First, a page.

This page considers Australian spent conviction (aka expunged
records) and offender registration regimes.
It covers -
is complemented by notes on vetting
& identity verification services, on overseas offender
registers and resume fraud.
The state/territory spent conviction regimes are broadly
similar to the Commonwealth scheme outlined here,
providing for expungement of many juvenile convictions
and offences punished with under six months prison sentences
(subject to a crime-free period).
There is no specific spent convictions legislation in
Victoria and South Australia. In New South Wales, Queensland,
the Northern Territory, Tasmania and Western Australia
the legislation provides that most offenders do not need
to disclose the conviction - and the public records are
sealed - after a specific period of time. Some discrimination
is also prohibited.
The major enactments are -
Spent Convictions Act 2000 (ACT) - here
Criminal Records Act 1991 (NSW) - here
Criminal Records (Spent Convictions) Act (NT)
Criminal Law (Rehabilitation of Offenders) Act 1986
(Qld) - here
Annulled Convictions Act 2003
(Tas) - here
Spent Convictions Act 1988
(WA) - here
corresponding New Zealand legislation is the Criminal
Records (Clean Slate) Act 2004. In South Australia
convictions for certain offences are apparently transferred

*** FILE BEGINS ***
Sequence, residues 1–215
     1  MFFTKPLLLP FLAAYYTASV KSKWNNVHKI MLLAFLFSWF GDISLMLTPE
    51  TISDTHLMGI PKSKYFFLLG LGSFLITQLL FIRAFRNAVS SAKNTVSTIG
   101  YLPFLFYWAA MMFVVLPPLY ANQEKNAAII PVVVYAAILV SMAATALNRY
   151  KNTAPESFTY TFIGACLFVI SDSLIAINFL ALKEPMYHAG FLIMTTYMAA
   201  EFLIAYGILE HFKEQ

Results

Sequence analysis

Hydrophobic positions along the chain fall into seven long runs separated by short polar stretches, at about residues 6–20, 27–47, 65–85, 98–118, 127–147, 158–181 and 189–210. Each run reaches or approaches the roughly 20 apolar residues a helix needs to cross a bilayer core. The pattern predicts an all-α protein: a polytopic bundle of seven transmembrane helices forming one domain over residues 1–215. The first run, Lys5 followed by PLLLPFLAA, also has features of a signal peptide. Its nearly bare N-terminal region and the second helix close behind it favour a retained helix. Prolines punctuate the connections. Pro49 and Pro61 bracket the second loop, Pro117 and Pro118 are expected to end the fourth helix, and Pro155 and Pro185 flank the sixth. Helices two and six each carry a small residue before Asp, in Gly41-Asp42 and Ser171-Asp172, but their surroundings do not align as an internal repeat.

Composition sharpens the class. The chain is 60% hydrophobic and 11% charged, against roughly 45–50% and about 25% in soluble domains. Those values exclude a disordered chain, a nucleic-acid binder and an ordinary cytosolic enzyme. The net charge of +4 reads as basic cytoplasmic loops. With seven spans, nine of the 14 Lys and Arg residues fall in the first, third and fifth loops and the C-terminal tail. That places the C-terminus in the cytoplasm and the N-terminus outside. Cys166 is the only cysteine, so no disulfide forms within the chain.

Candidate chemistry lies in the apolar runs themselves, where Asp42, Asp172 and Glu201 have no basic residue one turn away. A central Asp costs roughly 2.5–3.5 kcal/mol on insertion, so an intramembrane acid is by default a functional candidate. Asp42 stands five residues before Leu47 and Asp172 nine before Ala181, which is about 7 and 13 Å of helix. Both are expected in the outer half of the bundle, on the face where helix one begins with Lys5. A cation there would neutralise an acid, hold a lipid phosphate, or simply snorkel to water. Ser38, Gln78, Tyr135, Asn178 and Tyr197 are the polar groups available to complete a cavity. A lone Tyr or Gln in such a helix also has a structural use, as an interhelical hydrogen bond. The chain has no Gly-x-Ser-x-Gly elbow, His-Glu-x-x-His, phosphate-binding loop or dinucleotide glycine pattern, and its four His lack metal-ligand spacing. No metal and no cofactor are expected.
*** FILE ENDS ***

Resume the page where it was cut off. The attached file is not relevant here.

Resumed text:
to an 'inactive file' after five to ten years.
Exclusions reflect major crimes, notably those involving
children, with law reform bodies grappling with concerns
regarding employment of sex offenders (evident in suggestions
for strengthening of the NSW Child Protection (Prohibited
Employment) Act 1998 and proposals in Victoria for
photo ID and registration under that state's Working
With Children law).
The federal Human Rights & Equal Opportunity Commissioner
thus commented in 2005 that
basic principle of anti-discrimination is to enable
an employer to refuse to employ someone if their criminal
record is genuinely relevant to the essential requirements
of the job. However, if a person's criminal record doesn't
impact on the inherent requirements of the job, and
that person is the best candidate for the job in every
other way, these laws are designed to protect a person
from being denied equal opportunity because of their
Australian and overseas sex offender regimes (including
the contentious US 'Megans Law' schemes) are discussed
in more detail elsewhere
on this site.
Issues with spent convictions are explored in the
Australian Law Reform Commission's 1987 Spent Convictions
the 2004 AIC report
by Joe Graffam, Alison Shinkfield, Barbara Lavelle &
Lesley Hardcastle on Attitudes of employers towards
employing ex-prisoners and ex-offenders, Nigel Waters'
on Implications for Privacy Laws noted earlier
in this profile and the 2005 Human Rights & Equal
Opportunity Commission On the Record: Guidelines for
the prevention of discrimination in employment on the
basis of criminal record document
(following the HREOC 2004 discussion paper on Discrimination
in Employment on the basis of Criminal Record).
Academic perspectives are provided in 'Do Not Pass Go:
The impact of criminal record checks on employment in
Australia' by Bronwyn Naylor in 30(4) Alternative
Law Journal (2005) 174-179;
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